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THE NEW YORK TIMES
Painter Of The People: An Eye Trained on Puerto Rico's Traditions
By MIREYA NAVARRO
March 26, 2003
PHOTO: Angel Franco/The New York Times
Miguel Luciano first learned of Rafael Tufiño during one of Mr. Luciano's frequent visits to Puerto Rico as a child. Mr. Tufiño's posters were all over San Juan, in museums, on the walls of restaurants and in people's homes.
Then, during one visit, they met in the typical way: Mr. Luciano ran into Mr. Tufiño, a gregarious master printmaker and painter, as he held court in a plaza in Old San Juan, where he lives and is a familiar figure along that colonial city's cobblestone streets.
"Everybody's friends with Tufiño," said Mr. Luciano, now 30 and a painter himself in New York. "To know him is to love him."
The work of Mr. Tufiño, 80, is the subject of a major retrospective his first in the United States at El Museo del Barrio in East Harlem that opened this month and runs through August. Although he is well known among art connoisseurs and has pieces in the permanent collections of many institutions, including the Library of Congress and the Metropolitan Museum of Art and the Museum of Modern Art in New York, Mr. Tufiño has not become as well known on the United States mainland as his art would warrant, officials at El Museo said.
Known to many as the "Painter of the People," Mr. Tufiño depicts subjects from the everyday to the symbolic. In his paintings, drawings, graphics, posters and illustrations 150 have been selected for El Museo's retrospective, spanning six decades he has trained his eye on Puerto Rico's cultural heritage and traditions, particularly those of its African roots.
To Puerto Ricans growing up and attending art schools away from the island, Mr. Tufiño has long been a touchstone. A Brooklyn native who has spent much of his life shuttling between the island and New York, Mr. Tufiño has inspired several generations of New York artists, trying to function as a bridge to people separated by distance but not culture.
"That's been a dream as a Puerto Rican who was born here," Mr. Tufiño said in an interview in New York, where he has been visiting since November. "We're the same people."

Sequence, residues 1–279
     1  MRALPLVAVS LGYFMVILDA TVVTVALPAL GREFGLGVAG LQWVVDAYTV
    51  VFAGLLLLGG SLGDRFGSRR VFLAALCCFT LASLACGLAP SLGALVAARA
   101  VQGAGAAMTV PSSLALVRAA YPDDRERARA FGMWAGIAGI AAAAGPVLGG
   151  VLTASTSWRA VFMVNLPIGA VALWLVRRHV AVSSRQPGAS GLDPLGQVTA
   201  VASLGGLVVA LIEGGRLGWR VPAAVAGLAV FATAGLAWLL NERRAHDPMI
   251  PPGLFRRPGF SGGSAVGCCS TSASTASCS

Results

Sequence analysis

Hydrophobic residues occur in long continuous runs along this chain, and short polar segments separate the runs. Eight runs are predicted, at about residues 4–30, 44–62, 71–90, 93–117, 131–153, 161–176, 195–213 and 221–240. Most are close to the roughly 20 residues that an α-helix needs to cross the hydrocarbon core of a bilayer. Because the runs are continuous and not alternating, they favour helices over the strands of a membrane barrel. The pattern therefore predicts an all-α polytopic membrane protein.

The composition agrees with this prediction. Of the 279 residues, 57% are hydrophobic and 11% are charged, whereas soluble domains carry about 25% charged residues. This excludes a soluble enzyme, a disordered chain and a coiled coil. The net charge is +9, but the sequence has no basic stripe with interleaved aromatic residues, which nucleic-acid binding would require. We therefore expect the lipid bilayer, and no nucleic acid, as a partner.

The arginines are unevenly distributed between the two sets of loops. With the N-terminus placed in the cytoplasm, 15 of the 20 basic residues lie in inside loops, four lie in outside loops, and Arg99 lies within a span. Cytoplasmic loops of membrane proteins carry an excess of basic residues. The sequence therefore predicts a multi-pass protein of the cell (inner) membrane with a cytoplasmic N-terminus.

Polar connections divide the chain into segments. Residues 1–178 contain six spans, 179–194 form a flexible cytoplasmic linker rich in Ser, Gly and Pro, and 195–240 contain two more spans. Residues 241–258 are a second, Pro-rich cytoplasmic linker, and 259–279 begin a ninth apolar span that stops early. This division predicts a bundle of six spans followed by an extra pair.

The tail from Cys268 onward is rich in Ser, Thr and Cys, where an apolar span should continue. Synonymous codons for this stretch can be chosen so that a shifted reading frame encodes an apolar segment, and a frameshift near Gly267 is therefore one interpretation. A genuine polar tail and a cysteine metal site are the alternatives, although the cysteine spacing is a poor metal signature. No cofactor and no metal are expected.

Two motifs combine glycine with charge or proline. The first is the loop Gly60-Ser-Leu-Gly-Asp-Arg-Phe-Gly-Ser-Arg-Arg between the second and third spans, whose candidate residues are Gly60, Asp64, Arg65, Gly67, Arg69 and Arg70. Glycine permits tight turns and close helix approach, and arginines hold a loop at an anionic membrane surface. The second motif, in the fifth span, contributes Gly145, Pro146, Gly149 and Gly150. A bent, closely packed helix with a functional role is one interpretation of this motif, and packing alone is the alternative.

Artists like Mr. Luciano, who was born in Puerto Rico but grew up in the United States, say they were inspired by Mr. Tufiño's commitment to his culture and found an immediate connection to folkloric references that they never encountered in art history books in American schools.
"Tufiño's work is Puerto Rico," Mr. Luciano said. "He has been so prolific that through his work you can follow the changing themes of our culture for more than half a century."
Others, like the group of young painters who coalesced in the late 1960's in what became known as Taller Boricua, an art collective now at Lexington Avenue and 106th Street in East Harlem, said they found in Mr. Tufiño, a Taller co-founder and mentor, an answer to questions of identity. "We learned from Tufiño Puerto Rican aesthetics," said Marcos Dimas, the Taller's artistic director. "We looked at Tufiño's art as our root art and mixed it with our urban experience."
Mr. Tufiño said nostalgia had been a driving force in his work. Born and reared near the Brooklyn Bridge as the only child of Puerto Rican parents his father a merchant seaman, his mother a tobacco worker he said he grew up hearing stories about Puerto Rico and fell in love with the island before setting foot on it. When he moved there at the age of 10 to live with a grandmother in a slum of San Juan, he said, he began drawing everything he saw.
"To me it was like being Tom Sawyer," he said. "I was fascinated."
With the encouragement of a grade school teacher, he began reading art books and later learned painting and the trade of sign painting. In the 1940's, after serving in the Army, he went to Mexico for three years under the G.I. Bill for what turned out to be his only formal art schooling.
Back in Puerto Rico Mr. Tufiño became part of the generation of artists of the 1950's, a critical period following the creation of the current commonwealth political status that gave the island a degree of autonomy. He was a pioneer in Puerto Rican graphic arts, and many of his prints document life in pre-industrial Puerto Rico. Some of his best-known pieces are posters and prints that were used in government-sponsored literacy and hygiene campaigns. (He was at one point director of the government's printmaking shop.)
"He's an idealist," said Fatima Bercht, El Museo's chief curator. "His art is tied to the desire to improve the lives of people."
But Mr. Tufiño was also drawn to the dance, music and popular customs of Puerto Rico, and to its women. The retrospective at El Museo, which was organized by the Museum of Art of Puerto Rico, includes many nudes, portraits and what is regarded as one of Mr. Tufiño's masterpieces, "Goyita," an oil painting of his mother, Gregoria Figueroa.
While Mr. Tufiño has lived most of his life in Puerto Rico, New York always beckoned. He settled in East Harlem in the 1940's and ran a sign shop on East 116th Street for a year. He came back in the 1950's, once on a Guggenheim scholarship and on other occasions to tend to his ailing parents.